The American Association of Medical Colleges (AAMC) has recommended that medical schools increase enrollment by 15% by 2015 due to exploding health needs of an aging U.S. population. If schools comply with this recommendation, the number of physicians would increase by 2,500 per year, the AAMC estimates.
A total of 67,656 medical students were enrolled in U.S. medical schools as of October 2004, according to the medical group.
The Washington, D.C.-based organization took several factors into account in recommending that medical schools train more future physicians, including the stepped-up medical demands of the Baby Boom generation, which begins to retire in 2011; the retirement of practicing physicians; and the trend toward younger physicians working fewer hours.
"Given the extended time it takes to educate and train tomorrow's doctors, efforts to increase enrollment must get under way as soon as possible to assure that the healthcare needs of the nation in 2015 and beyond are met," said AAMC President Jordan J. Cohen, MD.
Despite a slight increase in applications to the 125 U.S. medical schools (both allopathic and osteopathic) during the past two years, the number of students accepted into the entering class has remained steady at about 16,000 per year, according to Dr. Cohen. Raising the number of students who apply and are accepted into medical school from current levels "will not be a problem," Dr. Cohen told Medscape. "The applicant pool is already rich."
As part of its recommendation to boost enrollment, the AAMC believes expanded student enrollment should occur in regions such as the West and Southwest, where population growth has been strongest and is expected to continue. "It seems likely that schools will be most inclined [to boost enrollment] in areas where the population has increased and there are more students to draw from," Dr. Cohen noted.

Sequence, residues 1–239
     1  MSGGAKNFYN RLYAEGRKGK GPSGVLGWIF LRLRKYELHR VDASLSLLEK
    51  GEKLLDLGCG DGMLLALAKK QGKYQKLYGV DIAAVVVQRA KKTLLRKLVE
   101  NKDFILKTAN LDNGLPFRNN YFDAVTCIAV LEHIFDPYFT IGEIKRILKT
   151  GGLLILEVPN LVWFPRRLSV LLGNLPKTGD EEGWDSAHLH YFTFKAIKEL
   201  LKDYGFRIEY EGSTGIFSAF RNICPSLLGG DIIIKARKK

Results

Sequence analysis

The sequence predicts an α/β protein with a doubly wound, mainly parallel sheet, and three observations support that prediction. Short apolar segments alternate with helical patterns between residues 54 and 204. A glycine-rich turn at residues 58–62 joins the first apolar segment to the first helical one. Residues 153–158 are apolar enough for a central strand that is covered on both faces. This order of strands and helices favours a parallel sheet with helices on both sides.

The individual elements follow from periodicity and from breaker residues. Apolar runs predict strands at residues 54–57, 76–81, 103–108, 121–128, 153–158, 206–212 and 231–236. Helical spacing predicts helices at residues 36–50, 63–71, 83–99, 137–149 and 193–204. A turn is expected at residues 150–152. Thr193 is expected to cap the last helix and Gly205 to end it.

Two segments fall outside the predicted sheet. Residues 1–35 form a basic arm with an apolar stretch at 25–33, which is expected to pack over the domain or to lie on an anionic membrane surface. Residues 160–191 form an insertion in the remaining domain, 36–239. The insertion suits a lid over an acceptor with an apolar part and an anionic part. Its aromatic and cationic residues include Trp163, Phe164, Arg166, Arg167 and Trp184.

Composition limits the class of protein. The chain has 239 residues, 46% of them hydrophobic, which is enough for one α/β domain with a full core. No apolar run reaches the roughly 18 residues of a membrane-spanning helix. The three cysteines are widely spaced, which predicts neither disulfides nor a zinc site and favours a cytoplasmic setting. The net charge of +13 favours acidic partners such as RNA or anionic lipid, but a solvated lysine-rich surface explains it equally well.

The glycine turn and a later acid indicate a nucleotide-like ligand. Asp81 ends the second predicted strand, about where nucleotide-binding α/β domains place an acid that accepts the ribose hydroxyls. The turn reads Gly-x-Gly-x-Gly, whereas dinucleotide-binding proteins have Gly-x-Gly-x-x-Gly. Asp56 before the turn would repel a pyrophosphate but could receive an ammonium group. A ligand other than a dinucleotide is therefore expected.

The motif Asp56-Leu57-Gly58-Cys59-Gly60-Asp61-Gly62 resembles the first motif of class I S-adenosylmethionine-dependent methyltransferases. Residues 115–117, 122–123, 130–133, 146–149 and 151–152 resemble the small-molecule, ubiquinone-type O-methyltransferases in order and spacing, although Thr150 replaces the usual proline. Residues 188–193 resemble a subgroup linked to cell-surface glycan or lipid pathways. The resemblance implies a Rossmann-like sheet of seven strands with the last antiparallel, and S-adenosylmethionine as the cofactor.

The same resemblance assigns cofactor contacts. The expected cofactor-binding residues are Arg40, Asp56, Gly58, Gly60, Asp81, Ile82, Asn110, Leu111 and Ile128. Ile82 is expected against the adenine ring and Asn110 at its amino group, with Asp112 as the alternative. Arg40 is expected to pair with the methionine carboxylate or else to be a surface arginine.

Nonetheless, medical schools across the country are already thinking about expanding their class size or are making plans to do so, a 2004 survey of 118 allopathic schools by the AAMC found.
One third of schools (31%) said they were "definitely" or "probably" going to boost first-year enrollment over the next several years, which would translate into a 4% increase in physician supply. And another 23 schools (20%) said they would "possibly" increase enrollment over the next six years, the survey found.
Unlike the late 1960s and early 1970s, when the federal government played a significant role in expanding medical school capacity through grants, such assistance is not likely in the near future, Dr. Cohen predicted. As a result, state-sponsored medical schools interested in boosting their enrollment may depend more heavily on their state legislatures for support.
As part of its recommendation to boost medical school enrollment, AAMC also called for removing the current restrictions on the number of residency and fellowship positions funded by Medicare. The federal government spends approximately $2.2 billion in so-called direct medical education payments to medical school–affiliated teaching hospitals, which provide clinical training to residents and fellows.
The removal of the restriction on Medicare-funded residency and fellowship positions is necessary if the pool of physicians-in-training is to be expanded, Dr. Cohen said. "Medicare is the major funder [of graduate medical education] and it will be extremely hard for hospitals to find other sources to expand physicians training" if the restriction stays in place, he said.
Reviewed by Gary D. Vogin, MD